Nephew among two arrested for throwing Covid victim’s body into river from bridge in UP


Representational image of a mass Covid-19 funeral at a crematorium | Photo: ANI


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Lucknow: Police in Uttar Pradesh Sunday arrested two men for throwing the body of a relative, a Covid patient, into the river from a bridge in Balrampur district. The incident came to light through a viral video where a man wearing a PPE suit, accompanied by an accomplice, is seen pushing over the body — which appears to be in a body bag — from the bridge, a thoroughfare, into the Rapti river.  

Police identified the deceased as Premnath Mishra, a resident of the neighbouring Siddharthnagar district. One of the men seen in the video has been identified as his nephew Sanjay, and the other as a friend of his.

“A man who has been identified as Premnath Mishra, a resident of Siddharthnagar district. Premnath was admitted to a hospital on 25 May after he tested positive for Covid-19,” Balrampur Additional Superintendent of Police Arvind Mishra told ThePrint.

“He died on 28 May while undergoing treatment for the infection. His body was handed over to his nephew Sanjay for cremation. But Sanjay and his friend threw his body into the river,” he said.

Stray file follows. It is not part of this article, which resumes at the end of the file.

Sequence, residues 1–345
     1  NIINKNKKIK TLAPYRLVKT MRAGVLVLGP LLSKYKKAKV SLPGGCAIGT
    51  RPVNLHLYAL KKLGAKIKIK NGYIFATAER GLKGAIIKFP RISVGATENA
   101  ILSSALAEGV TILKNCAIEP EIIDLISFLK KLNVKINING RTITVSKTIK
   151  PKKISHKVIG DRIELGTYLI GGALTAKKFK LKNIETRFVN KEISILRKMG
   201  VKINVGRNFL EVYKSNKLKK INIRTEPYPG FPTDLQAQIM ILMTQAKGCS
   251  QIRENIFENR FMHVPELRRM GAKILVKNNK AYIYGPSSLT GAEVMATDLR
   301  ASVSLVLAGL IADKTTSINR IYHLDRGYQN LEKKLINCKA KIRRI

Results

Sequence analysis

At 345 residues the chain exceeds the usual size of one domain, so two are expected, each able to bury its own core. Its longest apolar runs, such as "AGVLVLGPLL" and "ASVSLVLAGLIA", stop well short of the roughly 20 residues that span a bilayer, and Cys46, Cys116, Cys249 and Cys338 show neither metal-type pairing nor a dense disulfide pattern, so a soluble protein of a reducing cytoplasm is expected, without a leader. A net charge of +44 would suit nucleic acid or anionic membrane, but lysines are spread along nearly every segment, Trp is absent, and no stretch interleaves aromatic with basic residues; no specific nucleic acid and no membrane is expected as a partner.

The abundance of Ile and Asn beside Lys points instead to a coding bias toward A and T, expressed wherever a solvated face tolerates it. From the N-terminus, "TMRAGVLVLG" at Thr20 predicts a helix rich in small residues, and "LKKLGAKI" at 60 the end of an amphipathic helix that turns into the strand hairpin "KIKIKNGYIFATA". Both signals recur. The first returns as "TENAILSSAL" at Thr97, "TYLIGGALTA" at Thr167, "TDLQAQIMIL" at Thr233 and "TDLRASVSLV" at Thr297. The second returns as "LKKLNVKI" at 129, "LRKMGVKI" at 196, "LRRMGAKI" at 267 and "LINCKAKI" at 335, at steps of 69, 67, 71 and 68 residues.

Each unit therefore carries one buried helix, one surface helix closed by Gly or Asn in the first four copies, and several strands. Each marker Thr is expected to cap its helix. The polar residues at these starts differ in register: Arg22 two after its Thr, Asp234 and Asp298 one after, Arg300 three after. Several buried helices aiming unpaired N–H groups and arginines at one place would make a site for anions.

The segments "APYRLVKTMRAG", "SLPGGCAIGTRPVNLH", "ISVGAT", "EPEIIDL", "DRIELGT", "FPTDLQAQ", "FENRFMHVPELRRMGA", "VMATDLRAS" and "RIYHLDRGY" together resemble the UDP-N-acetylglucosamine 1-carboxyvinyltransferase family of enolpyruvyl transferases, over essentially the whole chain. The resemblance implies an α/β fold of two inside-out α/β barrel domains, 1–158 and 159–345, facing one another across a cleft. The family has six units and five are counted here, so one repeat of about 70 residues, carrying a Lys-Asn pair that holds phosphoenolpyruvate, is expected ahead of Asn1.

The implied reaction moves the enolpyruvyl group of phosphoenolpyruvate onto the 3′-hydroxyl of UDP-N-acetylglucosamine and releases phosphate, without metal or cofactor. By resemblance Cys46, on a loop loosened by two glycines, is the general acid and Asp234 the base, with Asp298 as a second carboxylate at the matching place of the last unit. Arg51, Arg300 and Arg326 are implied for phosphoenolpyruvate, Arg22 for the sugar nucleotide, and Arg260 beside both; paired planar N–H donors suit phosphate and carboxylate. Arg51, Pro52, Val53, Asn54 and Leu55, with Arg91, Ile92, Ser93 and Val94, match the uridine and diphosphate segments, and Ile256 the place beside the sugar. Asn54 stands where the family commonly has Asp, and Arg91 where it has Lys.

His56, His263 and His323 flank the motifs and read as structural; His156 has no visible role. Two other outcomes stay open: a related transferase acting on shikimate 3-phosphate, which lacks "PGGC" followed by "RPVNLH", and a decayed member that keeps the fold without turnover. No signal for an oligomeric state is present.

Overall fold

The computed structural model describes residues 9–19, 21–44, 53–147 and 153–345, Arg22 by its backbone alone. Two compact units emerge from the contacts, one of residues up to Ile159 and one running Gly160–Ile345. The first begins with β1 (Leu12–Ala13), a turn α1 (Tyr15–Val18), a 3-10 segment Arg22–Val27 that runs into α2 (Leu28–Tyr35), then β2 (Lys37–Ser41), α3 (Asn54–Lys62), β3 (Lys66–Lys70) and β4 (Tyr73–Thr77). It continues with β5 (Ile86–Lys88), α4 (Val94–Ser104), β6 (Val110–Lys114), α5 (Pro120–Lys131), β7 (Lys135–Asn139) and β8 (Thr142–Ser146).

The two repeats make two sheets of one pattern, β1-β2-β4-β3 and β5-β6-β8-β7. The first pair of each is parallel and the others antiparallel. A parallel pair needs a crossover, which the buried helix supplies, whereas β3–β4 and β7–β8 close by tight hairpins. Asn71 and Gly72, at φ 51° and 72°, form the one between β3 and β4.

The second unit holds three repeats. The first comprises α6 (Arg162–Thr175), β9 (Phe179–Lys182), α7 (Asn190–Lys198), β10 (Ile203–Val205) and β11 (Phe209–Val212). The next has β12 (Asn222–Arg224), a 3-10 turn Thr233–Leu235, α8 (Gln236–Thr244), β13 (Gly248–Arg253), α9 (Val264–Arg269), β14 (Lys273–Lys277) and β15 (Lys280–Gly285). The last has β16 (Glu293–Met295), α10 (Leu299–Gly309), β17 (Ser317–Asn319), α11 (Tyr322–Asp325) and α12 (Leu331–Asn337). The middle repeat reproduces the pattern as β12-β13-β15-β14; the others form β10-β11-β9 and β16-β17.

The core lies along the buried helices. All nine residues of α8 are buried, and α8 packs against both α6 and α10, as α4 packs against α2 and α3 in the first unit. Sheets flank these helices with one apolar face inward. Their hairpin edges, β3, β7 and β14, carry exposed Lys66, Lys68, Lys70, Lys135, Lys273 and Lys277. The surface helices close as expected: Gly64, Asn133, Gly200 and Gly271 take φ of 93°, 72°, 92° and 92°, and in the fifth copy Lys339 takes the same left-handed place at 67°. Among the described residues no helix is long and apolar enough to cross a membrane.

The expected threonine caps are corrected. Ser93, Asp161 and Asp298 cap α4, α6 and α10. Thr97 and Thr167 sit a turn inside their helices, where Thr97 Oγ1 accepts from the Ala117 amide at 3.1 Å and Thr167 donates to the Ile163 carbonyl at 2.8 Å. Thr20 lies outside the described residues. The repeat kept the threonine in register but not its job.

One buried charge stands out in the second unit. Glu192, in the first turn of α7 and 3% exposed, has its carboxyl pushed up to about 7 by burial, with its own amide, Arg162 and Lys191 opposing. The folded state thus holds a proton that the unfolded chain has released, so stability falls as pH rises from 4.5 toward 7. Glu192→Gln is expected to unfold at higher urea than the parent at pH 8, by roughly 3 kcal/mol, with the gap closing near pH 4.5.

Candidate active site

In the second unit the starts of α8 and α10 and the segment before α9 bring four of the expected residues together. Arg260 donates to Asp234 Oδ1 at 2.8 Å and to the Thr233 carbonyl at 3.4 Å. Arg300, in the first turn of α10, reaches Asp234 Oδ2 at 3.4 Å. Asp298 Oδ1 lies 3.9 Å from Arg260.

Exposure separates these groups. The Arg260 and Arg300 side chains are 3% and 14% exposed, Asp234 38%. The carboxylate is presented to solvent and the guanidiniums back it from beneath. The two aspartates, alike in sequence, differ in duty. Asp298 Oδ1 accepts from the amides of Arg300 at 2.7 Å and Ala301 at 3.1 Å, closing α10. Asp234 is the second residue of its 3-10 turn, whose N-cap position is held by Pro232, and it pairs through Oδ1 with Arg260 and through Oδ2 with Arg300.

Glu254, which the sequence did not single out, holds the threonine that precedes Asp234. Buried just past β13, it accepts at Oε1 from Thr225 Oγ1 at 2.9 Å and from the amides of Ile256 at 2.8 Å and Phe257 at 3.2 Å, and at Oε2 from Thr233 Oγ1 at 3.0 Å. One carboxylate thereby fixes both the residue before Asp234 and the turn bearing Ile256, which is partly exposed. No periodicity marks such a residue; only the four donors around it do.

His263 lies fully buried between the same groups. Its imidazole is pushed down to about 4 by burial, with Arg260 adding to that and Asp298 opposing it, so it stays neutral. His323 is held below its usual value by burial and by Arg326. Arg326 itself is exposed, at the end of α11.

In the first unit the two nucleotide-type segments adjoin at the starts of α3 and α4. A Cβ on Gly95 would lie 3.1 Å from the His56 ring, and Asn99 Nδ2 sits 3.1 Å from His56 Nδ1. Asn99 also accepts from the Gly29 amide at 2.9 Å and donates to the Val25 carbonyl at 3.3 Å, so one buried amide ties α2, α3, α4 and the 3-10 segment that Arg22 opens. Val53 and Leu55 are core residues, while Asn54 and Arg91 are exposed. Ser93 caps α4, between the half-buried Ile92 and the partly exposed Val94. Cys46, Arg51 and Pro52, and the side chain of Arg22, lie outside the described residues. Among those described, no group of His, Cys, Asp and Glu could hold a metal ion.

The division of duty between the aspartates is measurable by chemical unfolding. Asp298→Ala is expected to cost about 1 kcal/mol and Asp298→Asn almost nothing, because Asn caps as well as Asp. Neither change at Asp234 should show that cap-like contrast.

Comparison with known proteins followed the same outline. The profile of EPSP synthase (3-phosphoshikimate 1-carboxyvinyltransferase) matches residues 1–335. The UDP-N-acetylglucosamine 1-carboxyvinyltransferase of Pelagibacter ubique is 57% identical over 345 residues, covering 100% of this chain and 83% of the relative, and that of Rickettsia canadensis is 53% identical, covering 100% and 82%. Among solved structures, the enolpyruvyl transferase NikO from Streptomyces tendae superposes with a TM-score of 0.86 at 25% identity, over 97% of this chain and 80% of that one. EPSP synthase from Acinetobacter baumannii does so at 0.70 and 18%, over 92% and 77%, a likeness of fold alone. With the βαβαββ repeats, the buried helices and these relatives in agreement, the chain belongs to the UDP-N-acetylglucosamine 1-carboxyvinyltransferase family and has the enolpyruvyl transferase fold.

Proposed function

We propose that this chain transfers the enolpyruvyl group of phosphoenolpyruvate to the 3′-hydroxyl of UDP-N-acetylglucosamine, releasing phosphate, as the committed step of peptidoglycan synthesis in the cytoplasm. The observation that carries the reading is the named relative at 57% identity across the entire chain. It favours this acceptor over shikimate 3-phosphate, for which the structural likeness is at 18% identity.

The police officer added that they have registered a case in this regard and are investigating the matter. He said the reason why the body was thrown into the river isn’t known. 


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Floating bodies

Balrampur Chief Medical Officer (CMO) Dr D.B. Singh said Premnath’s body was handed over to his relatives at a crematorium, in keeping with Covid guidelines.

Earlier this month, several bodies were found buried on the banks of the Ganga in the Unnao and Prayagraj districts. This caused panic among people living in nearby areas. Viral photos have shown strong winds blow over the sand and expose decomposing bodies. It remains unconfirmed if the bodies were of Covid-19 patients.

The pandemic has also been marked by reports of bodies being spotted floating down rivers in Uttar Pradesh and Bihar. The reasons relatives offer vary — they point to soaring prices of wood, lack of cremation spaces, and the fear of infection, among others. 

(Edited by Sunanda Ranjan)


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